Fresh latex should be protected from the sun. It should be sent to the plastic processing unit immediately.
Rubber latex must be cured before it hardens. The latex is hardened by adding formic acid and turns into a large block. The plastic blocks are put through a roller to remove the water and turn them into sheets. vs. Plastic sheets are dried outdoors or in a smokehouse. This is done to protect them.
The dried leaves are thoroughly checked, processed and finally sold in the domestic market or for export.
Conditions of the Rubber Industry in India
The rubber industry in India is growing as the economy grows and the demand for rubber increases.
Currently, the production of rubber in India is 8,50,000 tons per year and this figure is growing rapidly.
The demand for rubber in India is 12.90,000 tons per year and this number is increasing rapidly, it means that India will import at least 4,40,000 tons of rubber from the whole world, and this import will increase in ‘the future is like the difference. between production and consumption increases
For 2021-2022, India imported 5,46,369 tonnes of plastic and this number is expected to increase every year.
The main demand for rubber in India comes from industry, as the population increases and income increases, the demand for cars and tires will continue to grow in India.
Production and Distribution of Rubber
India is the third largest producer of natural rubber in the world, followed by Thailand and Indonesia, producing about 9% of the world’s production. From about 200 hectares in 1902-03, the total area under rubber plantations reached about 5.9 lakh hectares in 2003-04.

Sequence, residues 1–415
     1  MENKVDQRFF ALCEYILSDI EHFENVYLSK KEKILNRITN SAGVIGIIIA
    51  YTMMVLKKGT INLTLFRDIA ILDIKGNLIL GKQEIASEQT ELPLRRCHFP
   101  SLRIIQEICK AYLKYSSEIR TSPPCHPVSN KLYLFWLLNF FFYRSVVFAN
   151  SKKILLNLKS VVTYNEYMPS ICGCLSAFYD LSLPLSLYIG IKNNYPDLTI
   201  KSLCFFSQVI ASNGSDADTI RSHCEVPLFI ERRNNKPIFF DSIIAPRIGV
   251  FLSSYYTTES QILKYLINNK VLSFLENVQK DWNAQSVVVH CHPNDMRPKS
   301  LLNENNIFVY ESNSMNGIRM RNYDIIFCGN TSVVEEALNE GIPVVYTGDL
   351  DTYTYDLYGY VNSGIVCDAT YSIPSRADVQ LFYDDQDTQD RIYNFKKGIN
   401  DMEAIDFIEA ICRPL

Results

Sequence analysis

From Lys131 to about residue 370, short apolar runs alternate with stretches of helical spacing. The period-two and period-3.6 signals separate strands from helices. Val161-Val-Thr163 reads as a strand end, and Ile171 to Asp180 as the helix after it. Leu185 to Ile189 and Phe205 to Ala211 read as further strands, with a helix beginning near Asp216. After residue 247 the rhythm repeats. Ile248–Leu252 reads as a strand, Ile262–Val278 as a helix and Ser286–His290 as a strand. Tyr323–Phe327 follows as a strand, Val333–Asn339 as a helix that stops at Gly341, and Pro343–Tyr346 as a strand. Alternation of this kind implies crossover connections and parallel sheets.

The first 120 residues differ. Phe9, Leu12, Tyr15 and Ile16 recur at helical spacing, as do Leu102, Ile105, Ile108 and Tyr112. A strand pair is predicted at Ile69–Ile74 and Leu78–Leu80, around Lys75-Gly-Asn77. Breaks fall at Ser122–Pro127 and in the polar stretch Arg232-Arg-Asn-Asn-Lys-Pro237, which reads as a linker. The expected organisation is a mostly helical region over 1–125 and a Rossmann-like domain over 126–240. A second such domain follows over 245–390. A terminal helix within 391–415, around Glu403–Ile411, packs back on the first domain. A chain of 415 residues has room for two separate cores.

Similarly, the production which was 80 tonnes in 1910 increased to about 690,000 tonnes in 2003-04. The most important and significant factor is the increase in productivity from 354 kg/hectare in 1960-61 to 1663 kg/hectare in 2003-04 . Although the rubber plantation sector was dominated by large estates in the first fifty years, it has undergone major structural changes leading to the dominance of small houses.
Rubber Production In India
Today, smallholders account for 88% of the acreage in India’s rubber production. The average size of a small farm is only 0.49 hectares. However, the average productivity of small farmers during the period 2001-2002 was higher at 1,580 kg/hectare than the 1,509 kg/hectare of land production.
The situation in rubber production in India. Shows that India has made remarkable progress in three areas of rubber, namely production, area and yield , the distribution of natural rubber in India. This table clearly shows that almost all rubber is produced in Kerala, Tamil Nadu and Karnataka. Kerala is a major producer of natural rubber, producing 595,000 tonnes or 92% of India’s total rubber production in 2002-03.
The districts of Kottayam, Kollam, Ernakulam, Kozhikode produce all the rubber of this state. Tamil Nadu is the second largest producer of rubber but far behind Kerala, producing only 22,000 or 3.39% of India’s total in 2002-03.
Nilgiri, Madurai, Kanniyakumari, Coimbatore and Salem are rubber producing districts in Tamil Nadu. Karnataka produced 14,000 tonnes or 1.85% of India’s total production in 2002-03. Chikmagalur and Kodagu are industrial areas. Tripura and Andaman and Nicobar Islands also produced less rubber respectively in 2002-03.